At a recent wrap party for a local theater performance, a young actress — upon hearing that I’d soon be jet-setting for the bright lights, big city of the Big Apple — asked me simply, “Why are you coming back?”
Considering her line of work (let’s be painfully honest here), I could have easily countered with, “Why aren’t you going?” Instead, I tactfully said nothing. I guess I might have been worried that she had a point.
As a former Hollywood and New York acolyte, it’s a question I’ve been asked more than once since moving to Boulder. Often by myself (especially when not on my meds and in a German falsetto voice, but that’s for another column).
Here it’s clean, calm and even collected (re: the trash). But, New York has Pinche Taqueria, Earwax Records, the Sammay Hallal food cart in West Village and movie theaters that alerted me to theatrical releases of a new Godard film, a documentary on Bill Hicks, a new movie from the director of “Wendy & Lucy” and a doc on the ’70s underground film scene of New York itself. None of these movies will be playing Boulder and probably won’t even come to Denver.
Heck, I got to go to a Shepard Fairey show, and the red wine served was admittedly far superior to any I’ve imbibed at a Boulder First Friday.
Then again, in Boulder I don’t smoke cigarettes. After all, smoking (tobacco) here is tantamount to saying it’s actually OK to healthily, naturally express one’s anger as opposed to repressing it in deference to one’s “center” or whatever-the-hell.
In Boulder I can more easily operate under the delusion that what I’m doing has some modicum of impact on the community. You’re actually reading this, right? In print, no less! You’re not merely finding out about something I’ve written two years from now thanks to some faded, blog-promoting sticker crudely affixed to a filthy pole.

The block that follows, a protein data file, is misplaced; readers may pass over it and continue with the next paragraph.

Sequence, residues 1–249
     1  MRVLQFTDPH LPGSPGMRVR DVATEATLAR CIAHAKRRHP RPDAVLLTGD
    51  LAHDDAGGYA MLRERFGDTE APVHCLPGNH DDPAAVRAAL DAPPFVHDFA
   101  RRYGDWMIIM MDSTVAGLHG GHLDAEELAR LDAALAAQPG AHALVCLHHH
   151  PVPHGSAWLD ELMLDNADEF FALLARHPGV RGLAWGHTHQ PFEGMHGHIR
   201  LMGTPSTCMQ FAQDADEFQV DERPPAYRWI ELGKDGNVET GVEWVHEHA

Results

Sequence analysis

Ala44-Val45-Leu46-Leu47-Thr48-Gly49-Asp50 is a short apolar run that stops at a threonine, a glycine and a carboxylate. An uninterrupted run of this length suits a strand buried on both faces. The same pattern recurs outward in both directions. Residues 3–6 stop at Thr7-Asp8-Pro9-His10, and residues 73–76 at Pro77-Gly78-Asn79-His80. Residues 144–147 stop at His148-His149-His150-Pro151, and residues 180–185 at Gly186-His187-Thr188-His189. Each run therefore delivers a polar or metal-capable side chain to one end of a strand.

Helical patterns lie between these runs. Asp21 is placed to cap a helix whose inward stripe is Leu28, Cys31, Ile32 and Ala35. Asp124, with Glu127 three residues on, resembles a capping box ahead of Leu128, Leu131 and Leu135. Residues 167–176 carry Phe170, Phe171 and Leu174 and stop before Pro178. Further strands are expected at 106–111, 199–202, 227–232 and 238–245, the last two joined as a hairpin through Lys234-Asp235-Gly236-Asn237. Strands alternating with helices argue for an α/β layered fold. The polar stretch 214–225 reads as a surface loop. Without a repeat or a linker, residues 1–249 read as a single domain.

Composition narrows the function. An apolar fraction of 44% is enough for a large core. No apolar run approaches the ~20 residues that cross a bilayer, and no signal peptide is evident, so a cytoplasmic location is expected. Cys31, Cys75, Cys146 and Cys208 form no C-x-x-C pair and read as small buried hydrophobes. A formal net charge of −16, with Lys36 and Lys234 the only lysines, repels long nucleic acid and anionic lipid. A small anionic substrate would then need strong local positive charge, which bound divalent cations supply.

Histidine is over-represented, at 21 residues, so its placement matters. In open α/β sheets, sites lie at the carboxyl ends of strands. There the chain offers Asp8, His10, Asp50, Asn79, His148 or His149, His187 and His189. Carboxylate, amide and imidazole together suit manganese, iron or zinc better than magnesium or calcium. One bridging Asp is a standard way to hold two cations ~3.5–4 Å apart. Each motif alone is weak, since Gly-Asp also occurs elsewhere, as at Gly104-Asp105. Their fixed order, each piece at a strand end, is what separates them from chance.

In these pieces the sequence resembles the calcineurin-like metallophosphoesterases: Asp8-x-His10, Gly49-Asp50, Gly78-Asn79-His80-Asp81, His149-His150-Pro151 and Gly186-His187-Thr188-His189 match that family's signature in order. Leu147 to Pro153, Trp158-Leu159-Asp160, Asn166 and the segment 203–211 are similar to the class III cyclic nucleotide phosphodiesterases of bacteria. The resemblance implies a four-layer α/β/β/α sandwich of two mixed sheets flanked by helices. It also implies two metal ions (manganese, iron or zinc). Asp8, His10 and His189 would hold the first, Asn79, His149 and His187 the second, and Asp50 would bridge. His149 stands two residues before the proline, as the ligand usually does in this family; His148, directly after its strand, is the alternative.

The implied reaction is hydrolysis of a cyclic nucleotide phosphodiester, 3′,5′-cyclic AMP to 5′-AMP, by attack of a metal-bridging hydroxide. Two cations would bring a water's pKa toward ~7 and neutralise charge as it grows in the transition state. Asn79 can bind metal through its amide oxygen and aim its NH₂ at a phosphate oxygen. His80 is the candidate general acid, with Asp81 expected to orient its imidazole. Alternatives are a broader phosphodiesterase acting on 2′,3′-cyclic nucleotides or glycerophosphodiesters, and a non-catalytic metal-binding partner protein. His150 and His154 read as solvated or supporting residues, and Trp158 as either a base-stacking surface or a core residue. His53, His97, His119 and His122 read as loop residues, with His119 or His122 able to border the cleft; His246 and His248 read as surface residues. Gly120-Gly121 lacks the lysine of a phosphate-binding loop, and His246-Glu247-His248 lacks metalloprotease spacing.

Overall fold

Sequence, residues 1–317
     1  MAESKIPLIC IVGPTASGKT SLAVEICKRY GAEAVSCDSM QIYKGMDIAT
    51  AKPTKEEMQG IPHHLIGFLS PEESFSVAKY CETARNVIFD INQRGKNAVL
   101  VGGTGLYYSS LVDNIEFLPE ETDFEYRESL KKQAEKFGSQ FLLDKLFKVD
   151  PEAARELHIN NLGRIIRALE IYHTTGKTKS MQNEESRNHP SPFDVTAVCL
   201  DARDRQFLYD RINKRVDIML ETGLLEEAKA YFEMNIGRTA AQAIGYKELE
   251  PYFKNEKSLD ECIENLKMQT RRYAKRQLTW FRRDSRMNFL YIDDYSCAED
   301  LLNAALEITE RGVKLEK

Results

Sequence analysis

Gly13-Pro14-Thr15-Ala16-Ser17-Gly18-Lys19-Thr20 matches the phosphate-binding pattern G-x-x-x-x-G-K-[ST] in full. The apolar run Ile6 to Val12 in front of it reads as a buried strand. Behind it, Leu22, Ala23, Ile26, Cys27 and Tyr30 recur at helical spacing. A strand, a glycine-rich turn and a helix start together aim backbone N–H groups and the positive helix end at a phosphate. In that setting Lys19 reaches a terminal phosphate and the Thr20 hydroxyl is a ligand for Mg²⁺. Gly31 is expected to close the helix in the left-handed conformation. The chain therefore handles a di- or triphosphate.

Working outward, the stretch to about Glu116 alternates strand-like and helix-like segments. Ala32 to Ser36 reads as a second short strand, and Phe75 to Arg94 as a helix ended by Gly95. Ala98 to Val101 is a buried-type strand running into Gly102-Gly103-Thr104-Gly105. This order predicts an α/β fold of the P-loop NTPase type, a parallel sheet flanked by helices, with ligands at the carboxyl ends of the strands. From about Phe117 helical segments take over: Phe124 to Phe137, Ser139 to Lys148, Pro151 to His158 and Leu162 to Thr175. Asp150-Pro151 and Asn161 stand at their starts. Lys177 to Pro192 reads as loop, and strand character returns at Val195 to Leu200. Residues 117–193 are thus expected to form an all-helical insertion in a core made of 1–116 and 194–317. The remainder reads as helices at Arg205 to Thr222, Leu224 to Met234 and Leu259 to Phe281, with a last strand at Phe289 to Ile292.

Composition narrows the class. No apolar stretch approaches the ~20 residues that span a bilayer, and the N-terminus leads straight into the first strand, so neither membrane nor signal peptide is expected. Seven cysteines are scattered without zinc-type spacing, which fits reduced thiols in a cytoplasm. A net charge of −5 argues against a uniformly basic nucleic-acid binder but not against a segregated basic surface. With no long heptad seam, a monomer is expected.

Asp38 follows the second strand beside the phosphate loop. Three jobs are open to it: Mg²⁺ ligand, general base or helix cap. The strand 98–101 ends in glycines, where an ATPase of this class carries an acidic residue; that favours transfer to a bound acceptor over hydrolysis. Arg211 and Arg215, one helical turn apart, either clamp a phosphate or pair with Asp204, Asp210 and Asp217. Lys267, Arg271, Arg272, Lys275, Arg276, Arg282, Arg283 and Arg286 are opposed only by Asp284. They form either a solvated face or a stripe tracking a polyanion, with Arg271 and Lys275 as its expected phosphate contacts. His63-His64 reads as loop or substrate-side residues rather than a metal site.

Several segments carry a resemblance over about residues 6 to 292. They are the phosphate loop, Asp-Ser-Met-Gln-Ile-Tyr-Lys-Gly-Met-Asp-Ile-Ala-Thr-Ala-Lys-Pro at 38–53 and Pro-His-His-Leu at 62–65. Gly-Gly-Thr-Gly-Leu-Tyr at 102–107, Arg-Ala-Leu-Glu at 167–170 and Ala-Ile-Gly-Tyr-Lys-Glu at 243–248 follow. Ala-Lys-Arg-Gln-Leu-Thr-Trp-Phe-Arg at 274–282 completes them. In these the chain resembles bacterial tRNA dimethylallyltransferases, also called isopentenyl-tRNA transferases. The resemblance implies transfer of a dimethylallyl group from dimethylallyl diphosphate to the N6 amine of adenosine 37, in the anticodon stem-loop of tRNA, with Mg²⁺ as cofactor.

I also have to confess that, for the first time in my life, I saw New York City through the eyes of Annie Hall (the character, not the movie). What at first seemed colorful and exciting as always — the exotic accents, the cavalier attitude of melting-pot New Yorkers — slowly degenerated into what I found to be disturbing and downright suspicious.
I know why people are in Boulder. It’s beautiful, quaint, safe and mountainous. In Boulder, all anyone wants is some killer climbing gear, some tea or beer, a good book and maybe a Subaru. The reasons for being in NYC? Too many to be safe, if you ask me.
Boulder’s simple and NYC’s complicated. And who needs that? (The overlap being Boulder and New York drivers’ total disregard of pedestrians, particularly those legally traversing the crosswalk.)
Boulder might be a little silly and hypocritical (like me). But, NYC is very loud and obnoxious (also like me). So, what’s an ambivalent guy to do?
As for now, I’m off to a delectable Illegal Pete’s steak burrito and then I might treat myself to the very best pumpkin chocolate-chip bread and iced chai in existence, courtesy of Espresso Roma. From there, I’ll be off to the library to pick up whatever obscure, free DVD is waiting for me on hold. All this without a single subway!